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Original Poster: National Archives
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That the economy is in trouble seems beyond doubt by this point; the only question is how bad things will get and how long they will last. People have been looking to the government for signs that the Bush administration not only recognizes the existence of a serious problem, but is able to provide assistance that will lessen the blow. This is the same administration, however, that is responsible for so many of the problems in American today.
Bush could help the economy by pulling out of Iraq — not only would this save billions of dollars in direct costs, but it would bring home troops who could return to useful, productive jobs here at home. This won't happen, though, because Bush is responsible for the lies and misinformation that got us into Iraq in the first place. The damage to the American economy through the loss of "blood and treasure" probably can't be calculated, but Bush will never admit to a need to save what's left.
Bush could back a moratorium on home foreclosures. People's inability to meet their monthly mortgage payments is a significant source of economic problems and the anxiety over possibly losing the family home is afflicting many families. Bush won't do this, however, because it would only help the working and middle classes — there are no benefits for the very wealthy.
Bush could back stricter regulation of banks to ensure that this sort of thing never happens again — the home mortgage industry is in trouble because of their own stupid loan policies. Bush won't do this and is much more likely to support a government bailout of his wealthy banking buddies so that they don't lose any of their billions. The same funds could be used to bail out home owners who are having trouble with their mortgage payments, but why would Bush help them? He's never shown much interest in that.
Bush could call for substantial tax cuts for the working and middle classes while restoring higher taxes on the rich and corporations. That would be opposed by all his wealthy friends and corporate backers, though, so we know that's not on the table. He's much more likely to insist that more tax cuts for the rich who aren't having any economic problems is the best way to help poorer people.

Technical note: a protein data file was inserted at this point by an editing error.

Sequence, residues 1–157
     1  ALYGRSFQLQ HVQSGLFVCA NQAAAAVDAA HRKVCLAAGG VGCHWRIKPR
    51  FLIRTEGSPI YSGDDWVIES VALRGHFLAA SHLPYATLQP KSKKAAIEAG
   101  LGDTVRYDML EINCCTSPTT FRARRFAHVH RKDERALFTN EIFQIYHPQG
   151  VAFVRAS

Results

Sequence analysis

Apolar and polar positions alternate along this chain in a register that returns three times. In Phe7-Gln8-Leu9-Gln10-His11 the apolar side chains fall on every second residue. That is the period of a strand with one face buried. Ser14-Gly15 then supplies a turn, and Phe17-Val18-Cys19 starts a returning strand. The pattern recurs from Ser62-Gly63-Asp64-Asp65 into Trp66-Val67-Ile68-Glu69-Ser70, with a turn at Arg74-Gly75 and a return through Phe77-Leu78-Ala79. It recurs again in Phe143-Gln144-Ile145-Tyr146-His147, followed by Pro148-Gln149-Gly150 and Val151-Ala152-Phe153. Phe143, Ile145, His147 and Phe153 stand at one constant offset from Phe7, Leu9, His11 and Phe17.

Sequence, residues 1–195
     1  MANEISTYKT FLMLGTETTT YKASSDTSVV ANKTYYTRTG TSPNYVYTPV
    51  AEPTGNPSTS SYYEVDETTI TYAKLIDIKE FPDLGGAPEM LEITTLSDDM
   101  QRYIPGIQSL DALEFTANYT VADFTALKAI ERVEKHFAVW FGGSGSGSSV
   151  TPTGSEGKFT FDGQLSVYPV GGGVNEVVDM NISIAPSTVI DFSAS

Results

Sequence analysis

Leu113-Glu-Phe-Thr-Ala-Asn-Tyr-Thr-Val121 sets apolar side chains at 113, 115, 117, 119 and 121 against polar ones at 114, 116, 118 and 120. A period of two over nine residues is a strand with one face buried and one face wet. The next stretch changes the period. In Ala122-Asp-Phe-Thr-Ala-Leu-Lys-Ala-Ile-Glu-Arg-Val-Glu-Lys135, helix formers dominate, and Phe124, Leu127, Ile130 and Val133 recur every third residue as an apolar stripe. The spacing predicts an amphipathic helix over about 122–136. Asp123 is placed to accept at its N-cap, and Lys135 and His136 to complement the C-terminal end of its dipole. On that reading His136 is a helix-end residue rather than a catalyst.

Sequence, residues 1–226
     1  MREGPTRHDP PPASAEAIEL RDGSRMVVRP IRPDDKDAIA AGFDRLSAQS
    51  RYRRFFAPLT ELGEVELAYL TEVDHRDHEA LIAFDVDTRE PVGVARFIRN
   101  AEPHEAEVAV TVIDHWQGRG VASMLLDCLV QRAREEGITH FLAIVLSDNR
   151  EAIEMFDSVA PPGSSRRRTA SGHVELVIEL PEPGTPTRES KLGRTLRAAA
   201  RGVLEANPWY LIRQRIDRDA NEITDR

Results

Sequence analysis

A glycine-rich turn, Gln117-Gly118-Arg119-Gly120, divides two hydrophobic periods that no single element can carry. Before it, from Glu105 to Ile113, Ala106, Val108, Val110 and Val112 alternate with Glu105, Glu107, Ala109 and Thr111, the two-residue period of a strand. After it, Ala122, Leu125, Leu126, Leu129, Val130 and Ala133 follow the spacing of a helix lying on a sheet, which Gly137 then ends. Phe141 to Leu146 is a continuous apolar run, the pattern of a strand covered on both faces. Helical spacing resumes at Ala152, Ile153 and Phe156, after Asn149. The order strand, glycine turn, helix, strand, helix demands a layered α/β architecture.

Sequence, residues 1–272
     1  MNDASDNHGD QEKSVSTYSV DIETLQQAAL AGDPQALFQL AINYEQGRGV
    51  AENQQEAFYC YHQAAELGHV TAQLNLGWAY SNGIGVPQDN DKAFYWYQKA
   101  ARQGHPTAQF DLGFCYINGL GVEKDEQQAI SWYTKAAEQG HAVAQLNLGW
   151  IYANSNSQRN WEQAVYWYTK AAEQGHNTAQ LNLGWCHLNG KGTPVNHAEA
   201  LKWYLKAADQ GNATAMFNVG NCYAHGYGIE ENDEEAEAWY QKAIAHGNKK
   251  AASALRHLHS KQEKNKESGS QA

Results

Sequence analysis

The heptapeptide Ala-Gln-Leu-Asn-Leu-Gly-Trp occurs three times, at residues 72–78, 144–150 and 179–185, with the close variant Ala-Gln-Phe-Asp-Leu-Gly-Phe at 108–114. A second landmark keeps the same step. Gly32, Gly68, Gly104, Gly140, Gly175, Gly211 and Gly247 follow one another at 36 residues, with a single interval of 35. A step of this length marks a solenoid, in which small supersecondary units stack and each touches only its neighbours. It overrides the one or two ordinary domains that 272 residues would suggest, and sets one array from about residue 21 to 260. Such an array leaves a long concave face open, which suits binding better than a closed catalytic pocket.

What about the rebate checks that Bush is supporting? It's not clear just how they are supposed to help — or whom they are supposed to help. Bush insists that the checks will help the economy because people will spend the money, but how will more retail spending help people who are struggling under crushing debt? If the people's long-term situation is to be improved, they need to put more money towards savings, investments, or debt repayment — but none of that will stimulate the economy much because the money won't be in circulation.
Even if people did do such things, the checks are probably too small to help much — mortgage and credit card debts are just too massive for a few hundred dollars to make much of a dent. Worse than that is the fact that the checks will go primarily to those making enough money that they aren't in financial trouble; those who would be most likely to spend the money immediately are those living paycheck to paycheck, but they don't pay enough taxes to get a rebate.
Bush certainly won't recommend that people do the smart thing; he wants people to keep borrowing and spending, just like the government, because this benefits his wealthy friends and corporate backers. He also won't recommend giving money to those who need it most because that's socialist wealth redistribution and he only likes tax cuts of some sort. I say, put the checks towards debt or savings even if it is just a drop in the bucket: if you spend it at the mall, then Bush and his cronies win.